Today, the battle continues. Both Internet Explorer and Firefox have had major new releases this month. Since its release, Firefox has chipped away at Internet Explorer’s popularity. Can IE9 turn things around for team Microsoft?
Looks & Interface
While this review is about Firefox 4 and IE9, it’s impossible not to briefly mention Chrome. When Chrome launched, its minimalist interface was a breath of fresh air, and both of these new browsers take design tips from Google.
Visually, IE9 wins the first impression. The icon-only interface looks more modern and takes up very little space. On small displays, it’s great. Firefox’s approach is more functional on larger displays, however, as tabs have their own space at the very top of the window.
Firefox has a much better bookmarks toolbar. While both browsers let you add bookmarks via drag-and-drop, Firefox feels smoother. IE9 does strike back with a better bookmark organizer, however. On Firefox it opens in a separate window, but IE9 opens it quickly as part of the browser interface when you click on the star icon.
Firefox steals the gold in this category with the Firefox button and its associated menu, which includes such wonderful features as the add-on browser. IE9 is still using the clunky “Internet Option” menu, which at this point feels like an artifact of Windows XP.
Winner: Firefox 4
To begin my performance testing, I threw both browsers into the Peacekeeper benchmark using a Sony Vaio Y series netbook with AMD’s new E-350 APU. In this matchup, Firefox 4 edged ahead slightly with a score of 1955 vs. IE9’s score of 1906.
However, IE9 nudged in front of Firefox 4 when I tested YouTube’s 720p playback on the same system. The same video ran at an average framerate of 30.34 on IE9, while Firefox 4 resulted in a framerate of 29.23.
The results on both of these tests are within the margin of error, however. I’m sure that, given a slightly different system, you could see the leads change slightly. Besides, a framerate difference of just over 1 frame per second isn’t noticeable without FRAPS running in the background.
Subjectively, I found Internet Explorer 9 was smoother at times. While Firefox 4 takes a few seconds to load on my system, IE9 appears instantly. I also felt some slight lag in Firefox 4 when opening new tabs, while IE9 opened them within the blink of an eye. However, I’m nit-picking a bit by noticing these minor delays – if you’re not paying very close attention to how each browser is loading pages, you’ll never know the difference.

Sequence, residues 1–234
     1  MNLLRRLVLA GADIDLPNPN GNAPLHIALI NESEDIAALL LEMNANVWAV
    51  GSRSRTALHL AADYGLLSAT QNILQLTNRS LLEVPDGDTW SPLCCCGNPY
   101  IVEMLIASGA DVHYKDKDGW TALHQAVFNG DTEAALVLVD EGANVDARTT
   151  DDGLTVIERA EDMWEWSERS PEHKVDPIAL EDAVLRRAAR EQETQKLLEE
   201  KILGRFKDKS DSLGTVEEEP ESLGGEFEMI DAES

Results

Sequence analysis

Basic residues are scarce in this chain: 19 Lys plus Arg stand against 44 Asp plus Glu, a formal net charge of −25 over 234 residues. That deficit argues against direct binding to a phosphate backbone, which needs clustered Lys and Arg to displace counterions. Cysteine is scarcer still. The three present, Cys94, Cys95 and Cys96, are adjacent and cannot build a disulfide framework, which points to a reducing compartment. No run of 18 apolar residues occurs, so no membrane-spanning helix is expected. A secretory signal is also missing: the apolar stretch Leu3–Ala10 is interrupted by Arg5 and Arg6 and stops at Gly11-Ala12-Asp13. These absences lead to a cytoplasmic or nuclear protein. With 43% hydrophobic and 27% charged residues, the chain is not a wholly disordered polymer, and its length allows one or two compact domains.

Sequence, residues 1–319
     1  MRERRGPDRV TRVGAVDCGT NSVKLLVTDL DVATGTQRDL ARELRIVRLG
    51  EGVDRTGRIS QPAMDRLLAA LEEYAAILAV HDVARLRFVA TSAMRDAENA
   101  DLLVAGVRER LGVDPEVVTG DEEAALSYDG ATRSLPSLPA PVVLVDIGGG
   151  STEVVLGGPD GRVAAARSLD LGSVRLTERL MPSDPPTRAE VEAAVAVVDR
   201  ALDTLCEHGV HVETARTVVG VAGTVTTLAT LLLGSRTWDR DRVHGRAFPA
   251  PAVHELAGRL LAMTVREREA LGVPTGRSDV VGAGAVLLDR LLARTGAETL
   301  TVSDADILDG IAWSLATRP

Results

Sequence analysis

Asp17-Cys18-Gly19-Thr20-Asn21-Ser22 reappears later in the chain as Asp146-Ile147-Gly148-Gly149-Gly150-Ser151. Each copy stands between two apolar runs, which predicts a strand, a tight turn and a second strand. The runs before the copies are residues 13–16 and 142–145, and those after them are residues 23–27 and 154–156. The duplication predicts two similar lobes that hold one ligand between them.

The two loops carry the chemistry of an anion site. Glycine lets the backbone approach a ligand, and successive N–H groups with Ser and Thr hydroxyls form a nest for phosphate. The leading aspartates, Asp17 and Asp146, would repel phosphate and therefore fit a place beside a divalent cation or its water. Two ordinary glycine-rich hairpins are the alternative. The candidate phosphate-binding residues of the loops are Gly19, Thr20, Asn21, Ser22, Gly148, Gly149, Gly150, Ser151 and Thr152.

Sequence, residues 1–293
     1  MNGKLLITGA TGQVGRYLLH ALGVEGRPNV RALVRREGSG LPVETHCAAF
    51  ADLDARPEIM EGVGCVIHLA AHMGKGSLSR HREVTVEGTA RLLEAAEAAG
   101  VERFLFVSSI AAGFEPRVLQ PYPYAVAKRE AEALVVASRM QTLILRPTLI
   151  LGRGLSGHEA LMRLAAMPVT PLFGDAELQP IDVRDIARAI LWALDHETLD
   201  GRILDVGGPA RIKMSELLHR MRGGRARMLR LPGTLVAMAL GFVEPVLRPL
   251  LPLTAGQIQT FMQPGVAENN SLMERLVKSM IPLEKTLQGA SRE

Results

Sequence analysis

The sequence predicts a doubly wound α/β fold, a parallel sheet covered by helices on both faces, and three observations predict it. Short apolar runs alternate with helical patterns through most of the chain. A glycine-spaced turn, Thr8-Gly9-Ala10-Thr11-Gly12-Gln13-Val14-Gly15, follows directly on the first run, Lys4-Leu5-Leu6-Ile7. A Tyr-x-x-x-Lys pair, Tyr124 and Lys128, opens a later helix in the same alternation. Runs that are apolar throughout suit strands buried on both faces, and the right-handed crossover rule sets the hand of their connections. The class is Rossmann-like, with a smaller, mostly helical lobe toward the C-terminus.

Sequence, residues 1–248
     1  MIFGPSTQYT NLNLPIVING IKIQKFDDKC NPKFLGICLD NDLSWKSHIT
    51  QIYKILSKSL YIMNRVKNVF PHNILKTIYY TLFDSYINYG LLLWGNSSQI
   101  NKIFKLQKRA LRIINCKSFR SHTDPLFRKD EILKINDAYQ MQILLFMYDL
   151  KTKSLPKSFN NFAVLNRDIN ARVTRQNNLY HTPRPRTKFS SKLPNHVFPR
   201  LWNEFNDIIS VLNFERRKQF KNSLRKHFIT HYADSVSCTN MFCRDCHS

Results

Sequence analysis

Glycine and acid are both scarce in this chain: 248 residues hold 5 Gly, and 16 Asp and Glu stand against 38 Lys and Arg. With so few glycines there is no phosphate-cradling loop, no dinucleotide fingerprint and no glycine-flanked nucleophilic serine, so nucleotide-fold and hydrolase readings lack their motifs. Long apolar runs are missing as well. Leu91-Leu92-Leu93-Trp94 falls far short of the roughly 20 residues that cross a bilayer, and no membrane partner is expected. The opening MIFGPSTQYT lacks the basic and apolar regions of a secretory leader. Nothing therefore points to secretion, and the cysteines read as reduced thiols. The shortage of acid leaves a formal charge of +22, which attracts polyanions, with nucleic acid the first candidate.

Web Rendering & Standards Compliance
The first place I headed to test the capability of each browser in this arena was the infamous Acid 3 web standards test. Previous versions of Internet Explorer have bombed this in spectacular fashion. How would IE9 do?
Actually, it did well, rendering a score 95/100 within seconds. Firefox 4 scored just slightly better, rendering a score of 97/100 with similar speed. From this benchmark, the difference between these browsers is so small as to be nearly irrelevant.
In my subjective testing, this virtual tie was usually reinforced. Both browsers render text in near identical fashion, although I noticed that Firefox 4 sometimes managed to cram an extra word in while IE9 moved on to another line. I also noticed some difference in table sizes. For some reason, Firefox 4 and Internet Explorer 9 didn’t seem to render them the same size. Sometimes FireFox 4 was larger, while at other times IE9 exaggerated them.
Neither of these browsers should give you any problems while you browse the web.
In the past, Internet Explorer has lagged significantly behind in this area. Microsoft seemed somehow blind-sided by the popularity of add-ons, but the hearts of developers were also certainly a factor. Firefox is David. Internet Explorer is Goliath. And geeks like to support the underdog.
The launch of a new browser version is the opportunity to hit the reset button, as many older add-ons end up broken or partially functional. Yet if anything, Firefox has increased its lead in this area. While Internet Explorer 9 still has clunky management and lacks focus, Mozilla’s add-on site is thriving, and the improved add-on manager built into the browser puts everyone’s other browser to shame.
Winner: Firefox 4
Having considered these new browsers from a number of different angles, there is really no doubt which browser emerges victorious. Firefox 4, long the browser of choice among geeks worldwide, continues to reign supreme.
Internet Explorer 9 does deserve a “most improved” achievement pin, because the difference between IE8 and IE9 is substantial, almost shocking. The new browser is an admission by Microsoft that it is behind the curve, and the company is doing everything it can to catch up.
Microsoft still has work to do. Internet Explorer 9 is a browser that I don’t mind using, but it’s not my first choice. Maybe Internet Explorer will claw its way back to my taskbar with IE10.
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